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December 21, 2013

Culinary Conversation: Baking Christmas cookies, chapter 2

NEW CASTLE — Are you still making Christmas cookies?

Or are you waiting until this weekend to finish your baking?

Whatever the case, there most likely won’t be a crumb left when you present your best dropped, pressed, bar, molded or icebox cookies at your holiday get-togethers.

Somewhere in my house is a cookie press. I used it twice — both times to make spritz cookies. I also inherited one from my mother. I don’t know where that one is, either.

But I did locate a Pillsbury’s Best Butter Cookie cookbook belonging to mom that cost 20 cents so I’m guessing it’s from the early 1960s. In that book is a recipe for spritz cookies, which can be formed into different shapes including long strips, stars, wreaths, bells, Christmas trees and flowers.

The cookie tips in that book from 50 years ago still apply today. They may seem simple and obvious but can make all the difference in the final results.

So if there’s baking left to do, remember a few basics — preheat the oven, use a baking sheet with little or no sides because pans with deep sides prevent browning, don’t excessively grease your baking sheets because that could cause the cookies to spread and burn on the bottom and edges, and cool cookies on a flat surface or wire rack.

And whoever invented parchment paper should receive an award.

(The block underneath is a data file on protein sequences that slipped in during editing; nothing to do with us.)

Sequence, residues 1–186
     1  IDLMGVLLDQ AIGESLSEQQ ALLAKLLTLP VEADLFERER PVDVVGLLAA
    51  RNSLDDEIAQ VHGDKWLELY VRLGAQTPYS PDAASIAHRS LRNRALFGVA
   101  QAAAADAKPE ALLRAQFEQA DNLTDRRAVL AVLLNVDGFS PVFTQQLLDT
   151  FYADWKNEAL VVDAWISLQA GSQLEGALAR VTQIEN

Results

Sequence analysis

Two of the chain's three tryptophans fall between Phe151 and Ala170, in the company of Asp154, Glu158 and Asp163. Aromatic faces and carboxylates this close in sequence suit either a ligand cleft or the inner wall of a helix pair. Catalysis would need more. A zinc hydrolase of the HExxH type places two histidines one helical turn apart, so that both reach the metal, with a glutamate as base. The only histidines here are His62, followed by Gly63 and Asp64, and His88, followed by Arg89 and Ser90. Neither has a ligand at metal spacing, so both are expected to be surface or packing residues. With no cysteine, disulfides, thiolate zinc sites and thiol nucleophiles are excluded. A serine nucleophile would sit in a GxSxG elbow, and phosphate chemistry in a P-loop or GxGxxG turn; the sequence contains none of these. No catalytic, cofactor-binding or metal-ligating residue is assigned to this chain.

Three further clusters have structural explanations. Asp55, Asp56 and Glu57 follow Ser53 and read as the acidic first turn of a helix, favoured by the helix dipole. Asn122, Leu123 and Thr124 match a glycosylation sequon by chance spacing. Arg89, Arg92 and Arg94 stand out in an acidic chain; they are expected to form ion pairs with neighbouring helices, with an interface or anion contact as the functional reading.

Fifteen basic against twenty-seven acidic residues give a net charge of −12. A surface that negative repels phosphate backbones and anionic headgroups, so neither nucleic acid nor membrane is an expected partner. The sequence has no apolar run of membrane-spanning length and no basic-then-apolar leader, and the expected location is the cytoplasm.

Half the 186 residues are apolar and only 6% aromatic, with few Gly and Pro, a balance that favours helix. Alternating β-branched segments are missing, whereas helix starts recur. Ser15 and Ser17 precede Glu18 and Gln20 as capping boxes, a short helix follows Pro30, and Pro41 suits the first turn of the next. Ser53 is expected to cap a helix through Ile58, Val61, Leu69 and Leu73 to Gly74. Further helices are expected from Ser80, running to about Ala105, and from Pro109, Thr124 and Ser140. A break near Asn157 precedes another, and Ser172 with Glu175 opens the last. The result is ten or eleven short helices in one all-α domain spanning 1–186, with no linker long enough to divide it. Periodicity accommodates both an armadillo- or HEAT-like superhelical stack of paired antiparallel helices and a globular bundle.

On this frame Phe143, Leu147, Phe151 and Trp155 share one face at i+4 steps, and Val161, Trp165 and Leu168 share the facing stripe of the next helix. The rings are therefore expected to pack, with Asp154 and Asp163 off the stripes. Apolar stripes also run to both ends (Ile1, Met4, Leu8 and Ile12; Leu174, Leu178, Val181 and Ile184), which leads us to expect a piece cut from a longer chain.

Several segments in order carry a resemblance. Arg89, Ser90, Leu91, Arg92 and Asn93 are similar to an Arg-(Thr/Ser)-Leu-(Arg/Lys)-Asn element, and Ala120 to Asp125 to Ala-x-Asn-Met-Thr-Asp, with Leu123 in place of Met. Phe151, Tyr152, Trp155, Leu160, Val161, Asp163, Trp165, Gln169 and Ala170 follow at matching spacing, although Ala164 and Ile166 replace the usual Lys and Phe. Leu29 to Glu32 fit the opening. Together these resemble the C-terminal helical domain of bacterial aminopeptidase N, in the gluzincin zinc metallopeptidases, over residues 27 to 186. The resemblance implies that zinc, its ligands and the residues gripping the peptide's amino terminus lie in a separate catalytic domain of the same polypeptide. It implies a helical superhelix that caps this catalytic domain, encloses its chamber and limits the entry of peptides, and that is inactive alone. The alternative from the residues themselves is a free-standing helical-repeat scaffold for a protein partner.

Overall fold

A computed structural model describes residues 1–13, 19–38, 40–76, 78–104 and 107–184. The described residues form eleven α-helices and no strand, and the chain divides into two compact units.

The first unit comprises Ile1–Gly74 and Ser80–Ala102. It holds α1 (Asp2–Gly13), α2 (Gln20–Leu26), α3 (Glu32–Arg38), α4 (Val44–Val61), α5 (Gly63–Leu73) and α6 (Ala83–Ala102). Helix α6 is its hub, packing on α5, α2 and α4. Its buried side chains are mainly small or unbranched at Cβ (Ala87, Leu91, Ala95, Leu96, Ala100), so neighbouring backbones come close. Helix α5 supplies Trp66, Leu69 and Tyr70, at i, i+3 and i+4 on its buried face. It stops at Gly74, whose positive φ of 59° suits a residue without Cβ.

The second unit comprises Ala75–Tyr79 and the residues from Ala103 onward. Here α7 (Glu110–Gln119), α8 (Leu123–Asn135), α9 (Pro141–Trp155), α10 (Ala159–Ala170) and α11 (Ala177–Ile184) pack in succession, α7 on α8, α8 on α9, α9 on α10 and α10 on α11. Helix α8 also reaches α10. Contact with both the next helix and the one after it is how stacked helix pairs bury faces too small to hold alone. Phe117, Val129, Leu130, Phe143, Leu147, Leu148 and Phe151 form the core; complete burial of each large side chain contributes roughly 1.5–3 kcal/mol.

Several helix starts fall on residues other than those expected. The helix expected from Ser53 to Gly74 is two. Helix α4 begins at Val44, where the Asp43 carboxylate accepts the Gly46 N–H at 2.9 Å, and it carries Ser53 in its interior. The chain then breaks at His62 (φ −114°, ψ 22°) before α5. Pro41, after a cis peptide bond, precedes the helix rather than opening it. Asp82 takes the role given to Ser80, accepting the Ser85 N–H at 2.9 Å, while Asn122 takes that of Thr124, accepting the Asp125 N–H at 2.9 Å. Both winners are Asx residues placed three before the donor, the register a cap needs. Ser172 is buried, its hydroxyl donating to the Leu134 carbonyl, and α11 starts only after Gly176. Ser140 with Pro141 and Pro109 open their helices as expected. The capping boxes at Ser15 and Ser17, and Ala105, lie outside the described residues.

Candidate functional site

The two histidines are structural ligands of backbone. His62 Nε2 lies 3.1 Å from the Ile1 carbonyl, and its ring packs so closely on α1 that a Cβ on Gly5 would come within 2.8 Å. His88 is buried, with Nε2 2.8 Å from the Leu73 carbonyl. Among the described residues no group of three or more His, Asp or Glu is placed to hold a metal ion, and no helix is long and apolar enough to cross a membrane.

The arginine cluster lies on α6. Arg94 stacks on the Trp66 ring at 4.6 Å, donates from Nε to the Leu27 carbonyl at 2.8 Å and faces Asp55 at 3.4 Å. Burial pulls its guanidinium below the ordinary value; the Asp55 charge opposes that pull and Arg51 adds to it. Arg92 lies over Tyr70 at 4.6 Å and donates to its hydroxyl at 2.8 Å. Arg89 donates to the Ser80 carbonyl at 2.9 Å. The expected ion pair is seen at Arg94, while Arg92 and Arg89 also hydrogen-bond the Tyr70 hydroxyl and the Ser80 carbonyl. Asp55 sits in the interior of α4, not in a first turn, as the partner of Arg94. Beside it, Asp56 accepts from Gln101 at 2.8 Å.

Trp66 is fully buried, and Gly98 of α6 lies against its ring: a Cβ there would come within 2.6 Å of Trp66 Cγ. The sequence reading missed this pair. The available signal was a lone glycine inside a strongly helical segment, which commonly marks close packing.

How you store cookies is also very important. Make sure the containers have tight-fitting covers. Store soft cookies and crisp cookies in separate containers, and bar-type cookies can be stored right in their baking pans, tightly covered with aluminum foil.

Keep soft cookies moist by putting a slice of bread or half an apple in their container. If crisp cookies soften in storage, heat in a 300-degree oven about 5 minutes before serving.

Many cookies also freeze very well. There are lots of containers to use — wide-mouthed screw-top glass jars, or canisters and coffee tins with tight covers, sealed with masking tape. You may also use commercial freezer containers. My methods are my old, but still very useful Tupperware pans and tins I have collected over the years. Wax paper goes between each layer of cookies and I finish with several layers of aluminum foil before putting on the lid.

Here’s probably the most important tip — oven temperatures vary. So it’s best to check cookies after a few minutes, especially those baking at higher heat. They may take a shorter or longer time than the recipe indicates.

Now that cookie baking 101 is out of the way, let’s get to some cookies.

From Culinary Conversation to you, Merry Christmas.

Pinwheel Cookies

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